There are different methods of prayer; vocal/liturgical, meditative and contemplative. Specific prayers generally fall into one of these categories. Most rosary prayers are intended to be meditative. However, most of us are used to vocal and liturgical prayers (spontaneous, read or repetitive).
People who try to pray the rosary prayer as if it is merely a vocal prayer will often find it difficult, boring, distracting and unfulfilling. Meditative prayer requires some specific practices, and if we don't know or don't engage in those practices, then we aren't praying properly and will find the prayer unattractive. But there aren't many teachers pointing this out. Most instruction booklets for the rosary, including our own, merely present the specific words to pray without giving much guidance regarding how one should be praying.
Because everyone's brains are not "wired" the same way, one set of rules may not work for everyone. But following are the specific practices that have helped us pray the rosary prayer meditatively:
Pick a quiet place without interruptions: Meditative prayer requires more focussed attention than vocal prayer. A single external interruption can torpedo meditation. You may even need to pick a time early in the morning or late in the evening when others are unlikely to interrupt you.
Meditative prayer includes vocal prayer: In the case of the rosary, you should be audibly (if quietly) actually saying the words of the prayers. Do not merely "say them in your mind." Move your lips! The reason for this is that human beings are capable of speaking repetitive words 'on autopilot'; with a little practice you can do so without your mind needing to pay close attention to the words spoken. However, if you are not speaking audibly, but are speaking the words 'in your mind,' then the mind is occupied by the practice, making it more difficult for the mind to be freed to open itself to and to focus upon the actual mystery.
Meditative prayer is more than vocal prayer: Once you reach the point of the rosary that includes the mysteries, as your lips are speaking the words of the prayer, your mind should be focussing on an image of the mystery upon which you are meditating. Close your eyes to avoid visual distraction; alternatively, if you have some icons or related images before you, you might focus your gaze upon them.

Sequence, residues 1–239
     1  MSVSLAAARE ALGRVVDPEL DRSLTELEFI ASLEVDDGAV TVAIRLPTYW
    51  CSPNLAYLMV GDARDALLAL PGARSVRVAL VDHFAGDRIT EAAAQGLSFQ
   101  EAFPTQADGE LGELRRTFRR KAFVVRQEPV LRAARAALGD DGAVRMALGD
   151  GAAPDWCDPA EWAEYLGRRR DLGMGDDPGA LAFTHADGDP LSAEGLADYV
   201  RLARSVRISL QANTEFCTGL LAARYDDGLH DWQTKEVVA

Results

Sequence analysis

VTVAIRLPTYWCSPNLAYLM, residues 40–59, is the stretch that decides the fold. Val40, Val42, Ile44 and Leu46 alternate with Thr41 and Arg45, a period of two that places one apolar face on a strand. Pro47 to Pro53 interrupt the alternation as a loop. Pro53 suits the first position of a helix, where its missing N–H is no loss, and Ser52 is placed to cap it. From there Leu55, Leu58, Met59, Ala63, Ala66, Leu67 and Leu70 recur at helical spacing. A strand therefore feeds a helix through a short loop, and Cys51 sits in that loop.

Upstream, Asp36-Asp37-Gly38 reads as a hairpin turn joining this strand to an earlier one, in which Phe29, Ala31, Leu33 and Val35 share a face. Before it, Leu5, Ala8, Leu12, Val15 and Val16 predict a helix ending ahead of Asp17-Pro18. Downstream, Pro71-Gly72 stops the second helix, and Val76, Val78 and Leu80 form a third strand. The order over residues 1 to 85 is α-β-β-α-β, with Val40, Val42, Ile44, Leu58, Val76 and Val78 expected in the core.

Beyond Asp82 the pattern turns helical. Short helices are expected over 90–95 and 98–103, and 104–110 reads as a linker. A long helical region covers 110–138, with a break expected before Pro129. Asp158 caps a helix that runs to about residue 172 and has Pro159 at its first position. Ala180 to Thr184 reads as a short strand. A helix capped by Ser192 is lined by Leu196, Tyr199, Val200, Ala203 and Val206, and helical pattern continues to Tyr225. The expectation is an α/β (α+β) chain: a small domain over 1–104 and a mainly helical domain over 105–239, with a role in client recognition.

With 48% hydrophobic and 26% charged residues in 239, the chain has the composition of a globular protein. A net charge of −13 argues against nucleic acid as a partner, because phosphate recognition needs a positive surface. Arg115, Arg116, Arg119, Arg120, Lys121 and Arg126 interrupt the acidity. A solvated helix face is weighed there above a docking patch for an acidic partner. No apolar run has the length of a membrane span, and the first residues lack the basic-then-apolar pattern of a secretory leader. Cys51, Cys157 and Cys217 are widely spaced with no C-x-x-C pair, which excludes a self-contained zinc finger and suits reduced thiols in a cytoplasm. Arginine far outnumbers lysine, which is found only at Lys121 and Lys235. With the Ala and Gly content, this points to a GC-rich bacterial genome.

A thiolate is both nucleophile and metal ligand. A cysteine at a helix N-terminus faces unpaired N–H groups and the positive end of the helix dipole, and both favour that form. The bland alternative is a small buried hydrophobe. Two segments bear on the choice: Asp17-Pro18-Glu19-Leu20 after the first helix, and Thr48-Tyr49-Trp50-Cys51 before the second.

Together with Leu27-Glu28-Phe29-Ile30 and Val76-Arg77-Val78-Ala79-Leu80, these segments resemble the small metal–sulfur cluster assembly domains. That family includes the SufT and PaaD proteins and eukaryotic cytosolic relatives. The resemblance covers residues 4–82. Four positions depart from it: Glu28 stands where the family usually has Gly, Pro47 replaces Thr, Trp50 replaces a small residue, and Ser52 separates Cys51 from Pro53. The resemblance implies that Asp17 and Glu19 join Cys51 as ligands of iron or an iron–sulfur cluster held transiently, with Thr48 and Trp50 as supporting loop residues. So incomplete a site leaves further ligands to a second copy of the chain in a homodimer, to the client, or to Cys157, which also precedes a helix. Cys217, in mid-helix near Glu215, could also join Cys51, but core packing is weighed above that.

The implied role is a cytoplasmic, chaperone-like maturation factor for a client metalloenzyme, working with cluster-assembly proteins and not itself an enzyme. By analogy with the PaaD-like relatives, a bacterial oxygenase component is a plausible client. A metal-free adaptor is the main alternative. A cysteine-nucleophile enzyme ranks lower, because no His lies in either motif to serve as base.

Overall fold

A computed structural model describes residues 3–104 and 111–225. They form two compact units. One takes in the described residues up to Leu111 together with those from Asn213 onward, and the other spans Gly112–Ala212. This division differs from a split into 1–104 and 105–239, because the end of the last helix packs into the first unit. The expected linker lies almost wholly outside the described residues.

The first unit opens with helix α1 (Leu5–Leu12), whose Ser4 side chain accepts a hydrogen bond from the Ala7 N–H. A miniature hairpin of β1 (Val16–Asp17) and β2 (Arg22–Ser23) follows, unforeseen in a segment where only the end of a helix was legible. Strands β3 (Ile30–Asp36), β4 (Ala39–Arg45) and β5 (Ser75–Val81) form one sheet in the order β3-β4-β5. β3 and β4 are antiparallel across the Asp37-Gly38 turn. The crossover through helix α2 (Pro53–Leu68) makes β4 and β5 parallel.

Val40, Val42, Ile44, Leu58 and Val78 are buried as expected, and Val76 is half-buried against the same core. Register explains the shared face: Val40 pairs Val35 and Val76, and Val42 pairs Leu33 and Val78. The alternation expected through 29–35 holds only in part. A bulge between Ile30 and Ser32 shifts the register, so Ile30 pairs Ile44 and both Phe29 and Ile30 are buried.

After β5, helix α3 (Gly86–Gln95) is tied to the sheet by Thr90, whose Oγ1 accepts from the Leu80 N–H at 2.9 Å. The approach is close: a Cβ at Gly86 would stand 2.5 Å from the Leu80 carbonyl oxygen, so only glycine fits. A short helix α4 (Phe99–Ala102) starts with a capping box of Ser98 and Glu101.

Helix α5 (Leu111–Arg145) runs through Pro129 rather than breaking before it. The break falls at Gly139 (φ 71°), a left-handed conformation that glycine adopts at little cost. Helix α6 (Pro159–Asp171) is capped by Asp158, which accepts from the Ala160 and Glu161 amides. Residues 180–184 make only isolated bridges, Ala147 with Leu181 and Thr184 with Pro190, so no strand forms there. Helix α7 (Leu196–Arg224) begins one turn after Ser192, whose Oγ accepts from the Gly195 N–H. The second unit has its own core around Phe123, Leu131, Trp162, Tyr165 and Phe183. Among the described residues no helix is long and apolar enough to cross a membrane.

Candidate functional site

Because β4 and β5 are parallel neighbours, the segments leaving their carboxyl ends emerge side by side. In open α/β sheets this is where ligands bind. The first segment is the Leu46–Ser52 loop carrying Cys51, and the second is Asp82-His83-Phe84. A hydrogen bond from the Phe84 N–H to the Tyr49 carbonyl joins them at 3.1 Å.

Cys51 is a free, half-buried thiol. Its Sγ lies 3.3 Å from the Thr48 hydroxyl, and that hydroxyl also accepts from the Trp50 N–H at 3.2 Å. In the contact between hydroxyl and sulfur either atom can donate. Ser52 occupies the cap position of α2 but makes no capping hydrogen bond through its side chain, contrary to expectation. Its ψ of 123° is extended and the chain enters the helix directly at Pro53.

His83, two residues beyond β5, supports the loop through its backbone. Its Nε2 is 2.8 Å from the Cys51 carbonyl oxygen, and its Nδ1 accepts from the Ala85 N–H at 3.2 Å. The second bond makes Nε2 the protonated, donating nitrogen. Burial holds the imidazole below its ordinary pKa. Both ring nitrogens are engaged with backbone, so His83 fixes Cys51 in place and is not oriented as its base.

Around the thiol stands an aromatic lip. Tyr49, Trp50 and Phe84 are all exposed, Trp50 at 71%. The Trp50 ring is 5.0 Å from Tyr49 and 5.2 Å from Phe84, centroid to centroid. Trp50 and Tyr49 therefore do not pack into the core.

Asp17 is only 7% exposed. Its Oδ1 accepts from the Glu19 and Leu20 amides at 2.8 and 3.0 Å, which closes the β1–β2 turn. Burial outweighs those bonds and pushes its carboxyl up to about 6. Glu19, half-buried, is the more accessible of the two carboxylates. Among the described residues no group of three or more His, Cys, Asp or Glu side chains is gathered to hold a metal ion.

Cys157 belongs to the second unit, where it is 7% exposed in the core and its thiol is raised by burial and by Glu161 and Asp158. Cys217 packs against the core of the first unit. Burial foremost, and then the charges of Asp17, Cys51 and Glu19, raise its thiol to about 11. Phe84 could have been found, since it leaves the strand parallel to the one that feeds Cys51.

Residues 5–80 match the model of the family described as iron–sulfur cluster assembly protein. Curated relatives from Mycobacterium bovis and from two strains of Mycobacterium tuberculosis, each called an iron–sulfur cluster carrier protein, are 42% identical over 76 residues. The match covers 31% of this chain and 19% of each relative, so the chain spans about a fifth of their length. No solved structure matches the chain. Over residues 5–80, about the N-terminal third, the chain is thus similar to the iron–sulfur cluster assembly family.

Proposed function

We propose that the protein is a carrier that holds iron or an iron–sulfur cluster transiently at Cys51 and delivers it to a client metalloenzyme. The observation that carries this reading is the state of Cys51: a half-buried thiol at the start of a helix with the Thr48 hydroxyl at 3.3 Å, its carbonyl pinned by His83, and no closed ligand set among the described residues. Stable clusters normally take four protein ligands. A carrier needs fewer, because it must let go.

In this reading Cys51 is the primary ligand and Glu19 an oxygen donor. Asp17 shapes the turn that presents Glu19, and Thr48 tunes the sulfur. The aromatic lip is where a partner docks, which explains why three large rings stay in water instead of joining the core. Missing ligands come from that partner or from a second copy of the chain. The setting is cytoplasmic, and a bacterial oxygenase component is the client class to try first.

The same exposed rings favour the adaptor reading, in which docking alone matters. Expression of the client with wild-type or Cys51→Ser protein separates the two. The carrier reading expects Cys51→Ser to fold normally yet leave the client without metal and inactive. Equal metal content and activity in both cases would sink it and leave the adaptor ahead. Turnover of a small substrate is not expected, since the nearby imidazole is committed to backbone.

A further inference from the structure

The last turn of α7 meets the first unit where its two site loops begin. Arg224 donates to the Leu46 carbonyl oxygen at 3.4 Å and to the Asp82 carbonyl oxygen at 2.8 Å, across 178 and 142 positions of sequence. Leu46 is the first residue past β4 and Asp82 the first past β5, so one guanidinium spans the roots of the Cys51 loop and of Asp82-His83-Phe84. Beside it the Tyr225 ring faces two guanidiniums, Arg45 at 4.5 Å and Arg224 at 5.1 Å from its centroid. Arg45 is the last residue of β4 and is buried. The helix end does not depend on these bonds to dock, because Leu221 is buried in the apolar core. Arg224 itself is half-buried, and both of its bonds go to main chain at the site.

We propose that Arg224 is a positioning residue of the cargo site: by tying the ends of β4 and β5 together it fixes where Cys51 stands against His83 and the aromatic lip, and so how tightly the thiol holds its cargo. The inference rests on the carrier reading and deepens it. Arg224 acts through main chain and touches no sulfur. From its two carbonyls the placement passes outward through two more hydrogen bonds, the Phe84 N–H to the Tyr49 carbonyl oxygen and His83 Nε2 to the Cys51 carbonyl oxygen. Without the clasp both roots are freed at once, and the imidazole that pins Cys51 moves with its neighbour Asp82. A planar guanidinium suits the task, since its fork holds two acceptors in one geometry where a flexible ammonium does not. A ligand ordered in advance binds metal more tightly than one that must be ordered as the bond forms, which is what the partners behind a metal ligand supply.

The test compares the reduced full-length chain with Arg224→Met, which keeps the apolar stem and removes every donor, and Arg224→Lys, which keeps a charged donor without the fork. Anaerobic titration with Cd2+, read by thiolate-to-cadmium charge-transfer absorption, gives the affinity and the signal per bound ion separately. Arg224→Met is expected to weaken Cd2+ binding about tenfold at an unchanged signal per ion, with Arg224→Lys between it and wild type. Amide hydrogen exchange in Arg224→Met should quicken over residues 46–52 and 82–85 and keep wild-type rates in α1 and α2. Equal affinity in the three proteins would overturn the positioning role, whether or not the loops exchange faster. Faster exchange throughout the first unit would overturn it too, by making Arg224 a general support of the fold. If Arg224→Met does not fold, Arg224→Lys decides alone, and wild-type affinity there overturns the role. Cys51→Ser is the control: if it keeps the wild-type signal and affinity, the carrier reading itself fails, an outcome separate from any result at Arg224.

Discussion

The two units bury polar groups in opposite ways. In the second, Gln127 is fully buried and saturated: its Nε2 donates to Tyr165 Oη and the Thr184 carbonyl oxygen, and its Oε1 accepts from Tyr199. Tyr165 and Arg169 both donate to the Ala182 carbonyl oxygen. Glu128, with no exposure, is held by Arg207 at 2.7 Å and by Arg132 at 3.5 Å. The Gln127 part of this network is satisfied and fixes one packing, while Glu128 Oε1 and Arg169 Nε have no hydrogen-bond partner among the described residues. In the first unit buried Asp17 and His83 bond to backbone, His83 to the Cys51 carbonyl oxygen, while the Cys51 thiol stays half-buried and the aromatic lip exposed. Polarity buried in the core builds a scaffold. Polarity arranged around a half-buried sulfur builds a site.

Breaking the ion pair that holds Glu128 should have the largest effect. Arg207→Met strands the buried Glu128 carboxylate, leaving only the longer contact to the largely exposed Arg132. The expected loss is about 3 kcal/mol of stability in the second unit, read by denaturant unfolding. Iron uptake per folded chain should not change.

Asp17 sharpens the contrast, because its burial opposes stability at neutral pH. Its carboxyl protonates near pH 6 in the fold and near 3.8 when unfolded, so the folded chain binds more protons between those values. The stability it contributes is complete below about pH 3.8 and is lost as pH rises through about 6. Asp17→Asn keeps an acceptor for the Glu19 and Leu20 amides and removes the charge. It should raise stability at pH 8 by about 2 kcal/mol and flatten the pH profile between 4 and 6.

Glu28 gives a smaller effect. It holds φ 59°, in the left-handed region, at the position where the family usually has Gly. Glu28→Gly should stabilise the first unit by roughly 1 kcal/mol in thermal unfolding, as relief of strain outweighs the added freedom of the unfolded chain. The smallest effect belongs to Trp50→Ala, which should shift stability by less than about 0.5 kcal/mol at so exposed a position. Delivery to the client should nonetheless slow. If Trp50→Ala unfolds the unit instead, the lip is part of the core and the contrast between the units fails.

It is possible for us to repetitively speak a prayer while our minds engage an image. For some people it is even possible to speak a prayer while the mind engages an image and mental concepts related to the mystery (studies have suggested that women are more inherently capable of this than men).
Don't worry about speed; though we are often pressed for time, it is more important to pray properly than to pray quickly. Apart from the method, itself, one of the significant differences between vocal and meditative prayer is that meditative prayer focusses more upon listening than speaking. The mental focus upon the mystery may, over time, open one's mind and heart to God in such a way that new insights into the spiritual life are revealed.
If you are unfamiliar with the specific meditations or prayers, don't feel bad about having to turn to a pamphlet or instruction page between decades. That's life. In time you will learn the order of the mysteries and not need to use a help card any longer.
Finally, it can take some minutes to enter into meditative prayer. We almost need a 'warm up' period. Theoretically, the introductory prayers to the rosary assist in this immersion. But don't feel bad about yourself or your prayer if you find the initial minutes of prayer more difficult. You might also take a couple minutes prior to beginning prayer to clear your mind of distractions and stress. Sit peacefully in a quiet place, in a comfortable position. Breath deeply. Relax your mind and body. Most importantly, ask Christ, himself, to assist you in your prayer.